5 Ways the Cooling Housing Market Is Helping Buyers

Many or all of the products here are from our partners that compensate us. It’s how we make money. But our editorial integrity ensures our experts’ opinions aren’t influenced by compensation. Terms may apply to offers listed on this page.


  • Home prices are down 6% from the record high in June.
  • Bidding wars are slowly fading away.
  • The average home is selling for under asking price.

If you want to buy a home, don't allow rising interest rates to discourage you.

For the first time since March 2021, the average home is selling below the asking price. In fact, prices have fallen by 6% since June. As the market cools, home buyers savvy enough to hang in there may be the ones to benefit. If you're in the middle of house hunting, things may still feel too hot to handle, but stay with us here. As housing markets cool, home buyers are ultimately rewarded in these five ways.

1. Buyers can't go back and change the price of a home, but they can refinance

Home prices hit an all-time record high in June. They're down 6% since then. A home selling for $400,000 last spring is likely to sell for around $376,000 today. That said, home prices are still 5.9% higher than they were this time last year, but the 6% drop since June is a good sign for buyers.

My husband and I happened to sell our home in June at a price that surprised us, particularly because interest rates had already jumped by 2%. Not only did we receive multiple offers the first day the house hit the market, but buyers were willing to skip contingencies, including a home appraisal (which seemed absolutely outrageous to us).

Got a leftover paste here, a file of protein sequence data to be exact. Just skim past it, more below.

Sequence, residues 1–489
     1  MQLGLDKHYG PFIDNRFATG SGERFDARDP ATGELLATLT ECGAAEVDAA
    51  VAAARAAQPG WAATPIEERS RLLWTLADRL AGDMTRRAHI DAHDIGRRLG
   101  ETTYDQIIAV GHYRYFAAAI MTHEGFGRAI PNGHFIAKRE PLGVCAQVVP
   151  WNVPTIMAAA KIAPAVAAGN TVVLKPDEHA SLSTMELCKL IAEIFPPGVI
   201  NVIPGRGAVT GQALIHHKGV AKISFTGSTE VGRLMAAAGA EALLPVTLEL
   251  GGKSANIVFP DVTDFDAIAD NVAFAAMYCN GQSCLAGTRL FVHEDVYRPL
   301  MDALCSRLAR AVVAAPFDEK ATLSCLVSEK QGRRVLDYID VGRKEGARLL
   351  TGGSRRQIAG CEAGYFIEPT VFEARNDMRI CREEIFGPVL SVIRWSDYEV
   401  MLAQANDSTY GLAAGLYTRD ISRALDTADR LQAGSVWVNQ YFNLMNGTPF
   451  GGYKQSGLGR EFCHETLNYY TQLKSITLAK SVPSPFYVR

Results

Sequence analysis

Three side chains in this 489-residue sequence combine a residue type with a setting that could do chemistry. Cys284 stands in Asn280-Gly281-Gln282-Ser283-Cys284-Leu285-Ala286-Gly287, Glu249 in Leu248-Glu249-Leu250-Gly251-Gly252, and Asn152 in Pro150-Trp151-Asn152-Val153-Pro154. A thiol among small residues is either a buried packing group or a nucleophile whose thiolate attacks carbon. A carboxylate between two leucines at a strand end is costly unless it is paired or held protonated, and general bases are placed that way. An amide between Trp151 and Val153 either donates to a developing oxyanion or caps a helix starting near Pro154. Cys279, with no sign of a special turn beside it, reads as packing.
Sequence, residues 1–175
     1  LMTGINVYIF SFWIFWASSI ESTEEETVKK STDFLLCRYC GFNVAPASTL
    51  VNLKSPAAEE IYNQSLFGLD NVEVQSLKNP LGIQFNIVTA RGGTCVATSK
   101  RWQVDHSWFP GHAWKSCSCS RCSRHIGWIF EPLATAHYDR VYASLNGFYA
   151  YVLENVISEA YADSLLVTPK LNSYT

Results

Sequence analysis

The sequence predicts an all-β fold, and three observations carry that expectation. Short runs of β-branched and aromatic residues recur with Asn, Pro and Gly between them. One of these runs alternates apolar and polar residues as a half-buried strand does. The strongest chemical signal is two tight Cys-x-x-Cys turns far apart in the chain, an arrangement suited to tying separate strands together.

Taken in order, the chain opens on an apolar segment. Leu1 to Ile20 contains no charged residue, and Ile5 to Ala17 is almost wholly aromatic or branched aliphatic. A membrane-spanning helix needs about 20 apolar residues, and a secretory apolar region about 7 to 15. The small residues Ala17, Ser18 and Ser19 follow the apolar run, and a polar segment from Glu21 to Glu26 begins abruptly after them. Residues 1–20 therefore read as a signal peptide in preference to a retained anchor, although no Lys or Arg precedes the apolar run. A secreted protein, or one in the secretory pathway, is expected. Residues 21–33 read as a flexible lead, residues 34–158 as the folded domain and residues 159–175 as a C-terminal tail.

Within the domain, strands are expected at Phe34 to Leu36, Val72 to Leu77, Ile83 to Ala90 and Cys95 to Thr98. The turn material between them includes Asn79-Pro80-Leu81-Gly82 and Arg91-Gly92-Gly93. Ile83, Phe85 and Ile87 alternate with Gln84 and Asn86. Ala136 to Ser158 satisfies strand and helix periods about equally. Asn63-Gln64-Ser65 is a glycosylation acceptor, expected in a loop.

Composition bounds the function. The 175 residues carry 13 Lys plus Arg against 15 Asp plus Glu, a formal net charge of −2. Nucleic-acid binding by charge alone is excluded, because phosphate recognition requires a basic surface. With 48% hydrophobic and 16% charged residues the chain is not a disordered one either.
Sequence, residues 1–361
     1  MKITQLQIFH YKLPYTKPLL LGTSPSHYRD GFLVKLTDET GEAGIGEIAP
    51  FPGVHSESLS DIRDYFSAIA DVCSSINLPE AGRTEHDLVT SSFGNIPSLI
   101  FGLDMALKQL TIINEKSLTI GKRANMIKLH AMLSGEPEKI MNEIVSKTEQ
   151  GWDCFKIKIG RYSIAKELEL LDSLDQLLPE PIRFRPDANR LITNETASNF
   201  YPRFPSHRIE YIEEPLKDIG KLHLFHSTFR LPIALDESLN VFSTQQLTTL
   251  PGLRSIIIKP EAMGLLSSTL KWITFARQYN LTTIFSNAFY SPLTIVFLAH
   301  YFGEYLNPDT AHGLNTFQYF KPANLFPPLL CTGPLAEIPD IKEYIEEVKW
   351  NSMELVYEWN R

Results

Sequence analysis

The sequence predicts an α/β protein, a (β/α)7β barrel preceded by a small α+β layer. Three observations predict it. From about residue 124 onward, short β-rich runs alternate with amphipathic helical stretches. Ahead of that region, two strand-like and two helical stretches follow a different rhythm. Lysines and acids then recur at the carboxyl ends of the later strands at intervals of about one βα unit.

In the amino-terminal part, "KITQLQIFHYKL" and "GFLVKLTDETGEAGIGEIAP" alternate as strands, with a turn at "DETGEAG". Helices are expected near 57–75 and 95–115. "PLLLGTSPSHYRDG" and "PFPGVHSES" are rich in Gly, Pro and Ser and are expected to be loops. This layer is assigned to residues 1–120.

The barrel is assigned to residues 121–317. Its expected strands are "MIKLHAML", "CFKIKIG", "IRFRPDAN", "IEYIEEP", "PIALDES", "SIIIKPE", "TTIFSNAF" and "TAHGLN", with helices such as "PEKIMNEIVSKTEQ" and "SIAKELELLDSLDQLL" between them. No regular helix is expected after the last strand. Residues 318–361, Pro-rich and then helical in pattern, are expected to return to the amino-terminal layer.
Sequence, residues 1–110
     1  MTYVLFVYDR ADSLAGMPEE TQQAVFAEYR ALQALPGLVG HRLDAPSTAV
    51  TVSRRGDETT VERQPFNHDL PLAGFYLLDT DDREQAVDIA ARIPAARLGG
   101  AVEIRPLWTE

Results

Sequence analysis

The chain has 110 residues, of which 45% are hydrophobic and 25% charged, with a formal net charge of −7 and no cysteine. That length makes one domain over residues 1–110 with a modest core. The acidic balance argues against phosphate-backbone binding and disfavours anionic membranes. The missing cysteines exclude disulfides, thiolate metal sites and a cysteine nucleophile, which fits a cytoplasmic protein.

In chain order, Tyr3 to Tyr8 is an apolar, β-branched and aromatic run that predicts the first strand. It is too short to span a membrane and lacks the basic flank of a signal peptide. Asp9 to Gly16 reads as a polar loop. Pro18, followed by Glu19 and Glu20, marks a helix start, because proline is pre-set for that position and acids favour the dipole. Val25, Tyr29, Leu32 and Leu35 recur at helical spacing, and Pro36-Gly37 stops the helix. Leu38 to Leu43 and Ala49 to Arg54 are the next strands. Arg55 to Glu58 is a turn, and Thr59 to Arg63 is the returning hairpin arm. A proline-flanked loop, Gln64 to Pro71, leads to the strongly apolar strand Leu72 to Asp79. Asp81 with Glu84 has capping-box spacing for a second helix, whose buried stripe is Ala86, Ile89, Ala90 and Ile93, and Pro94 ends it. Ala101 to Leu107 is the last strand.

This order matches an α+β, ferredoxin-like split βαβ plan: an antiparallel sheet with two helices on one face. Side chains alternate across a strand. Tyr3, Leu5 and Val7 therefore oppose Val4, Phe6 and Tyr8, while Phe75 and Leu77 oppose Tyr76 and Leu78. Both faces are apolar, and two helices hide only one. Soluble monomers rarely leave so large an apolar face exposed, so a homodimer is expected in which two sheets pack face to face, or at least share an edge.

When my husband and I moved, we were willing to buy the ugliest house on the block for this one reason: We knew that we would never be able to renegotiate the sales price, but we can refinance when rates drop. We were not willing to get into a bidding war over a house, and frankly, buying ugly prevented that.

If you offer $100,000 more than a home is worth, you owe that money until the day you send your final payment to the mortgage lender. However, if the best interest rate you can snag right now is 7%, you have a couple of options. If you don't plan to stay in the home for long, look at an adjustable-rate mortgage (ARM) for a lower upfront rate. Or, better yet, wait until rates dip again and refinance your mortgage. The decision is in your hands.

2. A cooling market means less competition

According to real estate giant Redfin, home sales in the U.S. dropped by 19% year over year in July. That represents the lowest level since the pandemic shut down large swaths of the economy.

The reason for the drop in sales is clear: Fewer potential buyers. Therefore, it's no coincidence that by August, the average U.S. home sold below the asking price.

Investors are also exiting the market, as investor home purchases plateaued in the second quarter of 2022 (April through June). Investors are in the business to make money, and at one point, they could borrow enough to purchase a home at a rock-bottom interest rate. Once rates began to rise, they lost their motivation. After all, higher monthly mortgage payments mean less profit. As investors leave the market, individuals who hope to become homeowners face even less competition.